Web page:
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Officials urge caution as deaths mount on Missouri waterways

Officials urge caution as deaths mount on Missouri waterways

Man drowns in Meramec River at Sherman Beach Park

St. Louis County park rangers block the entrance to Sherman Beach Park in St. Louis County as divers and boats using sonar search for the body of a man in the Meramec River on Wednesday, June 16, 2021. Photo by David Carson,

EUREKA — Crowds are flocking to Missouri’s waterways as summer heats up and people are no longer confined to their homes by the pandemic.

And that trend is too often turning deadly this year.

At least 10 people have drowned so far this month in Missouri and an additional six have died in boating accidents. That’s more than what was recorded in all of June 2019, the most recent year with comparable monthly data, according to the Missouri Highway Patrol. None of the 16 who have died this month was wearing a life jacket.

“We’ve had an alarming number of emergencies already this year,” said Greg Brown, chief of the Eureka Fire Protection District, who asked people taking to the water to use more caution.

So far this year, at least 39 people have either drowned or died in boating accidents across the state. At least seven were children.

The mounting deaths prompted Brown and other public safety officials to gather Monday at a Eureka fire station to give a primary message: Be smart in the water.

The news conference came after three people drowned in the St. Louis area in the last week: one in the Meramec River, one in the Big River and another at Creve Coeur Lake.

Eleven of the deaths this year have happened in the highway patrol’s Troop C, which includes Jefferson, Washington, Franklin and St. Louis counties. There were 12 water deaths in Troop C in all of 2020, said patrol Cpl. Juston Wheetley. There were 14 deaths in 2019 and 11 deaths in 2018, he said.

“With our guys on the waterways, we’re trying to promote safety,” Wheetley said. “What we’ve seen is a lot of risky behavior — alcohol is a major factor in this — as well as not wearing life jackets and people overestimating their swimming abilities.”

Officials with the St. Louis County Park Rangers, St. Louis County police, highway patrol and 20 fire and ambulance departments attended Monday’s gathering, packing the garage of the Eureka fire station.

Wheetley and other speakers emphasized the dangers of swimming in rivers.

“Rivers are relentless. They do not discriminate, they don’t care who you are,” he said.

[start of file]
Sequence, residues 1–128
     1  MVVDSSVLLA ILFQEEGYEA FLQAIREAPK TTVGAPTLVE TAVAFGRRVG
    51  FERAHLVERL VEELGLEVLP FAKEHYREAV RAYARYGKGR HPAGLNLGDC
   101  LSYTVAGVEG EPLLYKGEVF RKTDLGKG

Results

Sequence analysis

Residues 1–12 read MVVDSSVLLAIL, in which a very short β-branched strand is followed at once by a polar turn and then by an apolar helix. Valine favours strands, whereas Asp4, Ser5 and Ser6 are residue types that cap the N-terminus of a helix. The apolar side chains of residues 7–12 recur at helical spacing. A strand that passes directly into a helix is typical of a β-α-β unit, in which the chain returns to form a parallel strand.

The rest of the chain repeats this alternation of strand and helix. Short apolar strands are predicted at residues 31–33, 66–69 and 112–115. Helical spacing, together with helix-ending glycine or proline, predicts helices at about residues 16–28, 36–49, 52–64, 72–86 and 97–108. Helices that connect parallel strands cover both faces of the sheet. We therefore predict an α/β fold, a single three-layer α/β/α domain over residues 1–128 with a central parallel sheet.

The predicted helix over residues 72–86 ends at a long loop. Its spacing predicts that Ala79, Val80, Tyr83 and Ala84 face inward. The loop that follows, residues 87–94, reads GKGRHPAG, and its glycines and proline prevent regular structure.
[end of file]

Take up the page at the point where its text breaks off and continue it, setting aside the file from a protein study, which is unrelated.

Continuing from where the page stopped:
More and more Missourians are flocking to the water as the temperature rises. St. Louis County’s parks, once quiet, are now frequent destinations for people looking to cool off, Park Ranger Sgt. Cheryl Fechter said.

“Typically we respond to very crowded parks, especially after COVID a lot of people found our out-of-the-way parks which weren’t terribly popular,” Fechter said. “With the closing of the pools last year, people started to come out to the rivers more.”

Sherman Beach Park, along the Meramec River east of Eureka, where a man drowned last week, is now 10 times more popular than it was before the pandemic, she said.

“Usually the parking lot, which only holds 11 cars, didn’t fill throughout the summer. Now we have been turning away hundreds of cars from this park in order to avoid overcrowding,” she said.

An eagerness to leave behind pandemic lockdowns and restrictions has led to an abundance of people on the water, Kirkwood fire Chief Jim Silvernail said.

“People are getting out. They’re taking chances now that they’re not locked inside with COVID and everything. There’s not a whole lot else to do in this area,” Silvernail said. “This is a recreation that really has no boundaries. We try to create boundaries but how do you lock people away from a river?”

{div class=”lee-article-text”}Swimming is prohibited at St. Louis County park streams, ponds and lakes, and it can be dangerous, Fechter said.

{/div} {div class=”lee-article-text”}“We like to tell people the rivers are not like a pool. It’s not clear, you can’t see the bottom and the current is always changing,” she said. “A river might be a couple inches deep and then the next foot it goes down to 10 to 15 feet deep.”

{/div} {div class=”lee-article-text”}Fechter said there is no shoreline of any river in St. Louis County where she considers it safe to swim. For those who choose to swim in rivers despite the risk, interim Fenton fire Chief Ramona Kaminski recommends life jackets, even for adults who consider themselves strong swimmers.

“Just like CPR, car seats and seat belts, life jackets save lives,” she said. “When you’re getting ready for an activity on the water, life jackets should be just as important as sunscreen.”

The speakers emphasized the necessity of life jackets and awareness because by the time a rescue team arrives on a scene, it’s often too late. None of the departments at the news conference has successfully rescued anyone from drowning this summer.

“We would love it if we had more rescues, but timing being what it is, it’s less likely to happen,” said Mike Krause, chief of the Metro West Fire Protection District. “There are some cases in cold water where you can rescue someone and they’d be a viable patient maybe, but in most cases, especially this time of year, the responses we have are often recoveries.”

He said rivers in the region can look peaceful, but they’re deceiving.

“A drowning person is not like in Hollywood, splashing and yelling for help,” Krause said. “The reality is that drowning in its last moments is a very silent event because your body needs to breathe, so you have no time to yell.”


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Metro News Intern

Nick Robertson is a junior at Syracuse University studying journalism and political science. He is a summer intern with the metro news department.

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